As the anniversary of the Tiananmen Square upheaval approached, Internet users in China found new restrictions on access to Web sites offering accounts or commentary on the June 4, 1989, crackdown that brought the deaths of hundreds of demonstrators.
The New York Times and The Guardian reported that even social networking sites such as Twitter were blocked throughout China this week. Reuters reported that Hotmail similarly went dark across the country. The cyber censorship is nothing new, in China or elsewhere. One research and advocacy group, the OpenNet Initiative, reports that more than 25 countries have some kind of political or governmental censorship of the Web.
The motives vary. In the United States, schools and libraries are required by federal law to block access to certain pornographic materials.
As with more traditional forms of censorship, there are digital pathways around such information embargoes. The Web itself provides numerous programs -- some commercial, some free -- designed to allow surfers to circumvent blocks on content, or to mask their own identities from prying government eyes. A variety of human rights groups are lobbying Congress to provide more federal support for efforts to unblock the flow of information to countries with varying degrees of hospitality to the Internet.
In a relatively modest way, the government has done so in the past. In a 2008 appropriations bill, Congress directed $15 million toward such efforts, with the justification that, "ensuring the freedom of Internet communication in dictatorships and autocracies throughout the world is a high and critical interest of the United States."
Last month, a coalition of human rights activists and dissidents from countries including China, Burma, Laos and Cuba joined in signing an open letter to Congress urging the allocation of $50 million to beef up efforts to provide hardware and software tools to counter government censorship of the Internet.
Sen. Arlen Specter, D-Pa., urged an appropriations panel to support the initiative, calling it "a low-cost method of allowing people, especially those living under repressive regimes, to access all-source, uncensored, unfiltered information."
Exactly how to do that, and how to mete out the anti-censor funding, would be a task for the State Department. The Citizen Lab, an initiative of the University of Toronto, published "Everyone's Guide to By-Passing Internet Censorship."
It lists a wide variety of strategies and software tools for opening Internet access. Reportedly one of the most robust systems for penetrating the kinds of filters imposed by China and other countries has been developed by the Global Internet Freedom Consortium, a group that's also at the center of the current lobbying for increased federal funding.
The developers of the Internet access tools promoted by the GIFC are loosely allied with the spiritual movement Falun Gong. Falun Gong considers itself apolitical, but is regarded as a subversive religious cult by the Chinese government, which has banned its activities. American-based adherents of Falun Gong developed their version of the Internet tool to ease communications for their followers and sympathizers of the movement in China. But its software is not China-specific and has reportedly been used to thwart government-directed Internet controls in countries throughout the globe.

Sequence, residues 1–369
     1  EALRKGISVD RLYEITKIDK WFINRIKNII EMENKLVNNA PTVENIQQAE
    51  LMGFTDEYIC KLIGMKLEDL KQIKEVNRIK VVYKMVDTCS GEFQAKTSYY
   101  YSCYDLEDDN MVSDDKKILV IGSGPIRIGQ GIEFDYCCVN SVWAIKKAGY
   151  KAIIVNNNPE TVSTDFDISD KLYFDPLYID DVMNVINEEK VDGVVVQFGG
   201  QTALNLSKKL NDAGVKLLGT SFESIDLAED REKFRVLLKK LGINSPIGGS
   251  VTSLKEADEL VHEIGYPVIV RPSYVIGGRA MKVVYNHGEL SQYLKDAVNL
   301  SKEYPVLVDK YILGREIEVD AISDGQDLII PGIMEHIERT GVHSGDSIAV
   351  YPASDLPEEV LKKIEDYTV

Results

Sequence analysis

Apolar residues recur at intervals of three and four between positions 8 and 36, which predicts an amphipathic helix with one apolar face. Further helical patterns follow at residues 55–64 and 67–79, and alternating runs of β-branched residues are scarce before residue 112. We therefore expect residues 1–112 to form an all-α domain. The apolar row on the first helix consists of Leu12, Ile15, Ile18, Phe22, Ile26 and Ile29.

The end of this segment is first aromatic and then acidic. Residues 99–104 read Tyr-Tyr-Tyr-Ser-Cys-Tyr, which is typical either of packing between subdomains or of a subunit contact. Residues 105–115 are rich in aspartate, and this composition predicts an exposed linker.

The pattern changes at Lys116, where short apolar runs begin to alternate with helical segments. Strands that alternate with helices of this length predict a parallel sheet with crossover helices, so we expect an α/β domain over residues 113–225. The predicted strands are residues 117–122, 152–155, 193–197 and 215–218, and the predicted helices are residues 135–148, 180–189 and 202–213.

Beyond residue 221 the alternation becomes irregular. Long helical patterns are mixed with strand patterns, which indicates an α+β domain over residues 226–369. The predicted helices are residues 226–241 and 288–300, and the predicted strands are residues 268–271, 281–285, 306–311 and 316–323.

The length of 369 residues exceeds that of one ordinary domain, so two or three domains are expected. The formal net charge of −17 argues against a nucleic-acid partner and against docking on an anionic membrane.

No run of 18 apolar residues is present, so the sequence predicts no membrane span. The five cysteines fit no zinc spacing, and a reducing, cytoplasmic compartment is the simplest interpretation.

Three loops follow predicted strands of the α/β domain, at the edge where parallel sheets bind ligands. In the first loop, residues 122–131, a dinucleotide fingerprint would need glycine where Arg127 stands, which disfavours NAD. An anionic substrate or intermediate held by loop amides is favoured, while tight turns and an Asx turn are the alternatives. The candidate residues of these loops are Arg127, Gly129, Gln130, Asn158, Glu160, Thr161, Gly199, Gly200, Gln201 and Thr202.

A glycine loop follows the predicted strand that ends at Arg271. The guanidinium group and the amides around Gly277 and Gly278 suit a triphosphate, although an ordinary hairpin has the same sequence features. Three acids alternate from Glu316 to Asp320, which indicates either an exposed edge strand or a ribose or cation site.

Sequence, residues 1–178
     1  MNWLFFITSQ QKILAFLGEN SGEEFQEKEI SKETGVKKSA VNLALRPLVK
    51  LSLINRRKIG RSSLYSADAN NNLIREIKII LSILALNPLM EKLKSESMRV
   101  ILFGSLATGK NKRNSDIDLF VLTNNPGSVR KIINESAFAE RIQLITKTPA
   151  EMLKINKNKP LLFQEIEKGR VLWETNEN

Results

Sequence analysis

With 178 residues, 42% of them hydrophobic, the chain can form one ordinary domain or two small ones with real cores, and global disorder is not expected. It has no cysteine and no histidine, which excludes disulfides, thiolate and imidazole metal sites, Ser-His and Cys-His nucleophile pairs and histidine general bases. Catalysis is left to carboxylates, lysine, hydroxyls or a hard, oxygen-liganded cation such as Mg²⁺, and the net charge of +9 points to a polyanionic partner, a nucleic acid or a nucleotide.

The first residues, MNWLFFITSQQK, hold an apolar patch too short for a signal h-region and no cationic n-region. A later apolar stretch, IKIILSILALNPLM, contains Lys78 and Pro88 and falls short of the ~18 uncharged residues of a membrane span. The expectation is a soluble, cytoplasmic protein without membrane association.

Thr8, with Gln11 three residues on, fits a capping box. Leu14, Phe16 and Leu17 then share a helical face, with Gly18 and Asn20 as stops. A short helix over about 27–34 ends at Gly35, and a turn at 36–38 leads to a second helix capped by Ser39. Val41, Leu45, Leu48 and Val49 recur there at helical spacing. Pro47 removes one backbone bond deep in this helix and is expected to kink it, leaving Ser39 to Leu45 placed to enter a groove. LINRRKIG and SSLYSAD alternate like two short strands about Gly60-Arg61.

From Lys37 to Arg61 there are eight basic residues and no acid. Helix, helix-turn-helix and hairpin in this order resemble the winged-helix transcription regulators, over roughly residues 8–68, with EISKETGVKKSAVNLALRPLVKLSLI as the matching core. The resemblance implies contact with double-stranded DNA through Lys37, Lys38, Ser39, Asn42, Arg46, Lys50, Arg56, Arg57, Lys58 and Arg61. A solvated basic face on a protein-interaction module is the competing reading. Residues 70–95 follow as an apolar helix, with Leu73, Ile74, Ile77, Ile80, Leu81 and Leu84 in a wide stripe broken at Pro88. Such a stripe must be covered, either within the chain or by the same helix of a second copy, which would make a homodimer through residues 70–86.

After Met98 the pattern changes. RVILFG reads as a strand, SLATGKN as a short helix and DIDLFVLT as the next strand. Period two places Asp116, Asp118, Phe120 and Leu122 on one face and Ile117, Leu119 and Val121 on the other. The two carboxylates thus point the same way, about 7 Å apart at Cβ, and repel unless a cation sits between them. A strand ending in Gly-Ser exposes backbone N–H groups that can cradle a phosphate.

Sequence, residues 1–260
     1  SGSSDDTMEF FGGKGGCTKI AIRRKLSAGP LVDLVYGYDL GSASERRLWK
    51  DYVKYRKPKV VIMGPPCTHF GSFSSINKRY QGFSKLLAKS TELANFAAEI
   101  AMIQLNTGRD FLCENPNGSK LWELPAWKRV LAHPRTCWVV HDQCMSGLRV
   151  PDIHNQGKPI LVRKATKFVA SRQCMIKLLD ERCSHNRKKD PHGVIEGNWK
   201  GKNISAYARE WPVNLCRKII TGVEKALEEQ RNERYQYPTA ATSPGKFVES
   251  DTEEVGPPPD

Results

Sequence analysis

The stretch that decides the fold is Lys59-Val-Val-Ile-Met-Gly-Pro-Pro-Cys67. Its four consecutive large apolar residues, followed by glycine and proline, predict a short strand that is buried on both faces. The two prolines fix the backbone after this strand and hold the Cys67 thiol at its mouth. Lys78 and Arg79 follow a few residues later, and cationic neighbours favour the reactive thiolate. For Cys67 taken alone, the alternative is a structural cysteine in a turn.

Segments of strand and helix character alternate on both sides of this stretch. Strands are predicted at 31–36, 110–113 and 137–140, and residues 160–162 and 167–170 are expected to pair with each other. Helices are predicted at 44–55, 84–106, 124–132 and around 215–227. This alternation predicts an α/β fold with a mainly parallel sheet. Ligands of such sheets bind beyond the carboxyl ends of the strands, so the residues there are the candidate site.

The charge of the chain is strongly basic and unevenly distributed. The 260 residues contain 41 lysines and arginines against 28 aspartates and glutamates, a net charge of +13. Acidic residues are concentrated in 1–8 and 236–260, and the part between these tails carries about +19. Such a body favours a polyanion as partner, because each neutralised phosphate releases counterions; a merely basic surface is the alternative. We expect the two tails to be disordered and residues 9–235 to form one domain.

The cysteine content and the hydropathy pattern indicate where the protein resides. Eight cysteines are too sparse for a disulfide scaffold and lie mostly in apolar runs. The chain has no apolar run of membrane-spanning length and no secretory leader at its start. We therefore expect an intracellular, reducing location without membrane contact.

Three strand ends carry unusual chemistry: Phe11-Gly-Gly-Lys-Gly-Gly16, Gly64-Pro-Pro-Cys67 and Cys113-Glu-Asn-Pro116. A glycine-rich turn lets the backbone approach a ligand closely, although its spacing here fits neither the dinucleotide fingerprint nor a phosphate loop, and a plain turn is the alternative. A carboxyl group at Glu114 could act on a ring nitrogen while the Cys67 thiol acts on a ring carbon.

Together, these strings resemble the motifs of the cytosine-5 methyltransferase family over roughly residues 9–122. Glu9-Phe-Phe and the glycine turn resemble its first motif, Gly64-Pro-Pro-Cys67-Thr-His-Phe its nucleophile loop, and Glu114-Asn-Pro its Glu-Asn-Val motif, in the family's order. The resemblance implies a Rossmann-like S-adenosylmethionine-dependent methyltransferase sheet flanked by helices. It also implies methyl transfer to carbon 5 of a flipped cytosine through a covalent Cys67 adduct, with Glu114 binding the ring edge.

The appropriations language proposed to Congress would not earmark any specific amount for the GIFC or any other group, but GIFC's supporters argue that the success they have demonstrated without government aid would make the group a logical candidate for a significant share of the new funding.
Michael J. Horowitz, director of Hudson Institute's Project for Civil Justice Reform and Project for International Religious Liberty and a former official of the Reagan administration, is a leading advocate of the GIFC project and its lobbying effort with Congress. He sees that effort and the Internet overall as a powerful tool to promote openness and democracy worldwide just as, in the Cold War era, agencies such as Radio Free Europe broadcast pro-democracy messages beyond the Iron Curtain.
But his hopes that the Falun Gong-associated group might benefit from the increased appropriation suggests a potential dilemma for the U.S. government. At a time when Washington is striving for increased financial and security cooperation with Beijing, it might be difficult for American diplomats to explain their aid for a group Beijing regards as subversive while the Federal Reserve continues to rely on China to finance American debt.
"This must be viewed as an Internet freedom program and not as an anti-China initiative," Mr. Horowitz said. "You're not giving it to the Falun Gong; it's going for [computer] servers. ... The Burmese, the Iranians regard these as lifelines."
Mr. Horowitz insisted that the initiative not be aimed specifically at the Chinese government. But he argued further that its potential to promote human rights worldwide offered a moral rebuttal to such pragmatic objections. He noted that Sen. Henry "Scoop" Jackson faced similar criticisms when he lobbied for a confrontational approach to issues such as the persecution of Jews in the former Soviet Union.
"It was the same with [President] Reagan when he raised human rights in the Helsinki Process," Mr. Horowitz said, while acknowledging, "If you think you should never do anything that in any way inconveniences or concerns the Chinese, you should be against this legislation."